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Mary Taitt
Poet

 


Under tumbled black
Liquid pigeons pour through sky
Chased by peregrine.

I work in the city, and every day during my lunch hour I go for a walk. So I’ve sort of formed a bond with pigeons. Not because I feed them, but because I find them so beautiful.

Once I wrote a whole series of pigeon poems, and people actually got angry at me. They were angry because I was writing about something that seemed so trivial to them. But I find beauty in most everything, including pigeons.

After a while, I discovered there were peregrine falcons living on the tops of buildings, and they were eating the pigeons. So I actually saw a scene like the one that I wrote about. It was on this dark, ominous day. And it was thrilling to see it, especially under such exciting weather conditions.


Suddenly flowered
dresses everywhere. Hurray!
The snow has melted!

This is a scene I see every spring downtown. The first warm sunny day of spring, you suddenly see all these women out with dresses, and lots of times very beautiful spring dresses. They’re almost like flowers themselves, these beautiful women and girls, sprouting in the first light of spring.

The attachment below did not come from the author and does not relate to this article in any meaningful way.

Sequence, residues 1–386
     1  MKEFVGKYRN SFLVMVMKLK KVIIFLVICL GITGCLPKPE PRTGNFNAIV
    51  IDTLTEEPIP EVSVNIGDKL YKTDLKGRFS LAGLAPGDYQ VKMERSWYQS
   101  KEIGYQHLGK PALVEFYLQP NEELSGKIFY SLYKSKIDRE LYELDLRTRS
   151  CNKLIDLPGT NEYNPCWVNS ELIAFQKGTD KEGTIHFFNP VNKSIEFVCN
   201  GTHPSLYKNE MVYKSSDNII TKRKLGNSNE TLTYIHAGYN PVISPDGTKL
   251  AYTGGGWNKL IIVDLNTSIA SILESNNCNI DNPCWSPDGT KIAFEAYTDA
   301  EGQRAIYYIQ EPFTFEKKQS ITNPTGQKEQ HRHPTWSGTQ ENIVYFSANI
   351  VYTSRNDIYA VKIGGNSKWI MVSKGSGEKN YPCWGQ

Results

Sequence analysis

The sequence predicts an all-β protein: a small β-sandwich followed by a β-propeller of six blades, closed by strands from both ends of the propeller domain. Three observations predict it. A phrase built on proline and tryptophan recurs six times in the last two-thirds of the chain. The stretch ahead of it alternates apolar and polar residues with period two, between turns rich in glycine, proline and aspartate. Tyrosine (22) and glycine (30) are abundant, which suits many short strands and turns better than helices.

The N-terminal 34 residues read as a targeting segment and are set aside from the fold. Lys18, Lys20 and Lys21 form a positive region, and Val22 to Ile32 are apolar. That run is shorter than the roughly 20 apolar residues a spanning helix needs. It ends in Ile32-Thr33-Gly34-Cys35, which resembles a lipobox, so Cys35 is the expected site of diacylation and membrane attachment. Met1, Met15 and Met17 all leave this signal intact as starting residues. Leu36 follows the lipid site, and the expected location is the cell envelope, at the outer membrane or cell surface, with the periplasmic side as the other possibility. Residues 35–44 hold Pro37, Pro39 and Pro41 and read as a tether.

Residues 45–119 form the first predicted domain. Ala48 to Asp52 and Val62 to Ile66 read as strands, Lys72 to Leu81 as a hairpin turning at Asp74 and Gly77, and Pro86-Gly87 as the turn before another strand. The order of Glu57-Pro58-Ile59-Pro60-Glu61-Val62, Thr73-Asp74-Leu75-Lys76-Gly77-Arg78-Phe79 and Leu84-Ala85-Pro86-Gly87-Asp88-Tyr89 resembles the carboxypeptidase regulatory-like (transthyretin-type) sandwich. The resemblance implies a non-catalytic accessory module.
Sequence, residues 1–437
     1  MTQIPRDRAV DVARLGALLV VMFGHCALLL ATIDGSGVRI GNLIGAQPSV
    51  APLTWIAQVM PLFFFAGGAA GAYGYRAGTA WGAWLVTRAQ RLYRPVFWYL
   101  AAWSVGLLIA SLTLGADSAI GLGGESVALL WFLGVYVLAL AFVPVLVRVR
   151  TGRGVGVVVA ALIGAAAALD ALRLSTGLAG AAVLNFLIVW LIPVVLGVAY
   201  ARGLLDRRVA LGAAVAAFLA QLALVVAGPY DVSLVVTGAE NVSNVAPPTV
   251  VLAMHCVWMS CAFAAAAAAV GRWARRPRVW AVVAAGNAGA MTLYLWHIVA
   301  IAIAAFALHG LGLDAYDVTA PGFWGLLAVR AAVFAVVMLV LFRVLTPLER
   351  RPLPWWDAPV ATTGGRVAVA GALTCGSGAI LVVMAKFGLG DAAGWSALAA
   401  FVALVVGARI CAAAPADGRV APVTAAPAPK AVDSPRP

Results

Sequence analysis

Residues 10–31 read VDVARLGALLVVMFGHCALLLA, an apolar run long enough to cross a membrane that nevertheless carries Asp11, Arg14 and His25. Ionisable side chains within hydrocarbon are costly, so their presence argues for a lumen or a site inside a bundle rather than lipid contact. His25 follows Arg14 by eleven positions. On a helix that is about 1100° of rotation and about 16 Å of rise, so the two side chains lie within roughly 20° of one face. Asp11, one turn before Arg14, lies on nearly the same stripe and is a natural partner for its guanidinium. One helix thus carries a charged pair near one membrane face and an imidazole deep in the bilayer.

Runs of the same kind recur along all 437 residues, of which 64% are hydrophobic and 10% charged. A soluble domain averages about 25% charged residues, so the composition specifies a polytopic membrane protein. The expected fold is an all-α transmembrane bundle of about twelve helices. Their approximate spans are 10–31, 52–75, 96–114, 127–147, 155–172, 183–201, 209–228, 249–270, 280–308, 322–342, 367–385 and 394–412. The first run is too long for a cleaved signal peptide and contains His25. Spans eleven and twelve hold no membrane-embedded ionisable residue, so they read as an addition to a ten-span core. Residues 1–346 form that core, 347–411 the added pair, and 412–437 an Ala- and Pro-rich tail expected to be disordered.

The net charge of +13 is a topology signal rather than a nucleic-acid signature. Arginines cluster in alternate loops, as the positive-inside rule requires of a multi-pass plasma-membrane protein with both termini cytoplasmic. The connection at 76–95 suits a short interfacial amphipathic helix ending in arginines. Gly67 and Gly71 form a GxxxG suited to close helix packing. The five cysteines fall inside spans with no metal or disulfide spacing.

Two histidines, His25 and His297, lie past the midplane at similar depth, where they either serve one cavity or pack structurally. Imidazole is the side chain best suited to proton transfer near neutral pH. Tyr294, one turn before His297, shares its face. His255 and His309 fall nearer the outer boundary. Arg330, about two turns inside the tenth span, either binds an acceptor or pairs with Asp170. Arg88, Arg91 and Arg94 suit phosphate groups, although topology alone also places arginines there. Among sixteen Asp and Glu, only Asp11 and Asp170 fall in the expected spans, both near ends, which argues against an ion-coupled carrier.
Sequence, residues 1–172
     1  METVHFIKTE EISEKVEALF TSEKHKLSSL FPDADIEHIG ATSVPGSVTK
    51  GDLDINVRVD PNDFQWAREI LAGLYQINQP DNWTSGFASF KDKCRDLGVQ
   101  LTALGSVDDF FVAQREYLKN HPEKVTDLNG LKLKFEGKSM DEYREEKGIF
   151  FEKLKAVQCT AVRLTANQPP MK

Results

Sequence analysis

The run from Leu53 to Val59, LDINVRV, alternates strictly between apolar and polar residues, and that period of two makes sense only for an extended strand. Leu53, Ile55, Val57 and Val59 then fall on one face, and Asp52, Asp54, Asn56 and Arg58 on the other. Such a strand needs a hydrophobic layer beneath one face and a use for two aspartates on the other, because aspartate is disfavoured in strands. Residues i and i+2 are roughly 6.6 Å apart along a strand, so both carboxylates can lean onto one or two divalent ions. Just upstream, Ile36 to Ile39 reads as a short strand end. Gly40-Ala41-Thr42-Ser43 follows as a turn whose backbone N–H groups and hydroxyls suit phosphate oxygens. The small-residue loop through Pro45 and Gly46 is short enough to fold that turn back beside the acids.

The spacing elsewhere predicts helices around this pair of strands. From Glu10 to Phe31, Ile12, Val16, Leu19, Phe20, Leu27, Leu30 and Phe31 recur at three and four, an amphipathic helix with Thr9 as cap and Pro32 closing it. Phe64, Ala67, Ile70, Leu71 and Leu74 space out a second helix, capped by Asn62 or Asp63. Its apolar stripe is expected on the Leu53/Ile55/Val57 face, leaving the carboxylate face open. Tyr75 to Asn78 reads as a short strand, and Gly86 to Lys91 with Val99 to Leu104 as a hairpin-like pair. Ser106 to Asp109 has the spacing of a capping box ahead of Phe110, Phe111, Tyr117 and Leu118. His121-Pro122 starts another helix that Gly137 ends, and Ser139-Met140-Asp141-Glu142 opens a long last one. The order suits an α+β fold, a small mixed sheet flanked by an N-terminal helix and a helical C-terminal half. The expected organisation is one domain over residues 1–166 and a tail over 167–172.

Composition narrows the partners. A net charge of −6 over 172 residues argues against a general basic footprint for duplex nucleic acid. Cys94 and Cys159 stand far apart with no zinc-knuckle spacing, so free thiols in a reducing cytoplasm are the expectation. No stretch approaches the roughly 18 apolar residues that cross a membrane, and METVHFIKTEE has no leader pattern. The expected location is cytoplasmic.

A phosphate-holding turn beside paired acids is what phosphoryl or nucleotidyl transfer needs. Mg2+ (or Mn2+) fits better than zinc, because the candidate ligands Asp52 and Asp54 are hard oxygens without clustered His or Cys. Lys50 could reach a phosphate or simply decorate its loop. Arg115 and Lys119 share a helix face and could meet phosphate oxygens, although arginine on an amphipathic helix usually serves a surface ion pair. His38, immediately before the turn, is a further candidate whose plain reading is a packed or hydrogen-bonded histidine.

It’s such a wonderful sign of spring when you see that happening. Spring fever. Everyone going out, soaking up the sun and being beautiful. You see legs for the first time! This I know because male friends are always point it out to me.

I had a friend who worked with me, and we’d go out to eat. He’d be so excited. He’d say, “Look! Legs! Legs!” It didn’t do anything for me, but I enjoyed his enjoyment, you know what I mean?


On storm—black waves, geese
bob and dive with the hunter's
abandoned decoys

Geese were very much a part of my life. After majoring in Wildlife Management, I worked as a naturalist at Beaver Lake. My husband, my children and I lived right on the lake and watched the geese migrate in and out in the spring and fall. I rehabilitated an abandoned baby goose.

I never hunted myself, except one time as a child. My brothers were really into bb guns and I shot at a bird and killed it. I was so upset that I never hunted again. But I’ve had friends, lovers and husbands who hunt. Eventually, I came to feel that hunting for food was OK. It didn’t mean I personally wanted to kill. At one time I wouldn’t kill a mosquito. But if I had to kill an animal to eat and live, I probably would.

 

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